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Carlo Armellini

Carlo Armellini (1777–1863) was an Italian politician, activist and jurist. He was part of the triumvirate leading the short-lived Roman Republic in 1849, together with Giuseppe Mazzini and Aurelio Saffi.

Armellini was born in Rome, then part of the Papal States. A moderate in politics, he followed with interest the apparently progressist moves of the first part of the pontificate of Pius IX. During Anti-Catholic protests in 1848, Armellini saved the Santo Bambino of Aracoeli from arson.[1]

After the assassination of Pellegrino Rossi and the exile of the Pope, he became Minister of the Interior. He organized the Constituent assembly and, when the Roman Republic was declared, became (March 1849) member of the leading triumvirate, together with Mazzini and Saffi. He collaborated with Antonio Saliceti in the writing of the Constitution.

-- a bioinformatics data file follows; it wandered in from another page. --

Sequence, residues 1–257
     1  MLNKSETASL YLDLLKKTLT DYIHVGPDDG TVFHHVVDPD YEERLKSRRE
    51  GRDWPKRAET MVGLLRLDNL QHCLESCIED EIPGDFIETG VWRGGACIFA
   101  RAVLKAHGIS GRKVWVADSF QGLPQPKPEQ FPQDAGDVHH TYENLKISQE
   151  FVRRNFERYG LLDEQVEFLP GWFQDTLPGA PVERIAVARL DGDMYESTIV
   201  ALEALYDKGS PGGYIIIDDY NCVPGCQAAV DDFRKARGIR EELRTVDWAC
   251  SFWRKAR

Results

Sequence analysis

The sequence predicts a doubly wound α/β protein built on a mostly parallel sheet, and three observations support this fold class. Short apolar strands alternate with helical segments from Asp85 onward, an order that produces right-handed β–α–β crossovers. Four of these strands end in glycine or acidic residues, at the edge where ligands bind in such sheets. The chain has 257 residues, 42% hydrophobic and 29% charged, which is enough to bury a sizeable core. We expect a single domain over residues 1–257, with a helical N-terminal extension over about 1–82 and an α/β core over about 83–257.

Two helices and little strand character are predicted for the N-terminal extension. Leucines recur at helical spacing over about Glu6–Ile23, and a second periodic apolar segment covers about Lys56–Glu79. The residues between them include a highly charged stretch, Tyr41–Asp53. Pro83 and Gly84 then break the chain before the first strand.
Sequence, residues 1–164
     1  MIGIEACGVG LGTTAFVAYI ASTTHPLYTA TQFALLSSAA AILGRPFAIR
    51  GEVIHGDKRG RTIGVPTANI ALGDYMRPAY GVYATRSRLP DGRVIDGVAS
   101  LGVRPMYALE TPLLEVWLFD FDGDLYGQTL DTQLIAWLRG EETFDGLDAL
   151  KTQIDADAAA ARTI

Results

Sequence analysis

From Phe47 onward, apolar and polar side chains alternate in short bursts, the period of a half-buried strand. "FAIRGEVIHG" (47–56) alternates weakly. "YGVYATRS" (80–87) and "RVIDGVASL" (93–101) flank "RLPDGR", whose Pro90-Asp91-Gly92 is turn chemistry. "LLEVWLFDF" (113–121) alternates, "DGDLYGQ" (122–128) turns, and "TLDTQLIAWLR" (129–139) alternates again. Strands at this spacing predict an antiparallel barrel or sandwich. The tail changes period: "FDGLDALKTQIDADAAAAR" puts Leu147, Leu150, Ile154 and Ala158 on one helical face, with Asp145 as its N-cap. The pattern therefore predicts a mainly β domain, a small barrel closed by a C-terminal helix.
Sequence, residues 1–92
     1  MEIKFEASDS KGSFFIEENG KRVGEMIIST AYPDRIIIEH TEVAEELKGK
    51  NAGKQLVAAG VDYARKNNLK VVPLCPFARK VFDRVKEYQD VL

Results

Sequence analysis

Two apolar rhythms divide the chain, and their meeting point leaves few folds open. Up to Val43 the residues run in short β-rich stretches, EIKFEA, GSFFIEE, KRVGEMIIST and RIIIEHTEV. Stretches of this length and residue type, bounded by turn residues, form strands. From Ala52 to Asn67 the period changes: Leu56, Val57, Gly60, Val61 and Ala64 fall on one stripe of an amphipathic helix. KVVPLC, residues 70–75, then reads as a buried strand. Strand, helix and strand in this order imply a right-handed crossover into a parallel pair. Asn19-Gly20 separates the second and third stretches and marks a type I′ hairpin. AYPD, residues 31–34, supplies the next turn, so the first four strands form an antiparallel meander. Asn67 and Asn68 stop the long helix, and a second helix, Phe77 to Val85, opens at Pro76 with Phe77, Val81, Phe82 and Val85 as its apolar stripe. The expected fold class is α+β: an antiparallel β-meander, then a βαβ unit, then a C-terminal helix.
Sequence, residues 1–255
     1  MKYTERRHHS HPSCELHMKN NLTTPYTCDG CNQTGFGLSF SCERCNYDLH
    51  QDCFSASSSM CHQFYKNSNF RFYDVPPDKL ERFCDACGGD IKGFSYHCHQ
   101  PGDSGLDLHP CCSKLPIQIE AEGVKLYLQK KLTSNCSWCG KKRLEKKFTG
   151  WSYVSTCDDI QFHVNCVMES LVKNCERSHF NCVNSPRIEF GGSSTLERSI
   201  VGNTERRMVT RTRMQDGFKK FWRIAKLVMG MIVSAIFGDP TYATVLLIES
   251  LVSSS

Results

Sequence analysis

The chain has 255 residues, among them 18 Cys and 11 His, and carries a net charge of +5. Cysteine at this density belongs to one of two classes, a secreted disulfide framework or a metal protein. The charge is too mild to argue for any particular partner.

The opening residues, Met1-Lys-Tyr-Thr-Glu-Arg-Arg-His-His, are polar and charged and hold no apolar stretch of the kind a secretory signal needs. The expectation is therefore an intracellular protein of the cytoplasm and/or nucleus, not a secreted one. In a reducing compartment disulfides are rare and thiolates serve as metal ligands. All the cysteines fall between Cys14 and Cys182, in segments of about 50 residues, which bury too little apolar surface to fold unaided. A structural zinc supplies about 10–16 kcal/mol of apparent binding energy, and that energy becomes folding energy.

When the Republic was smashed by the French army, he went in exile to Belgium. He died there, in Saint-Josse-ten-Noode, in 1863.

Armellini was married to the pastellist Faustina Bracci Armellini.[2]

ReferencesEdit

SourcesEdit

  • Claudio Rendina, Enciclopedia di Roma. Newton Compton, Rome. 1999.

See alsoEdit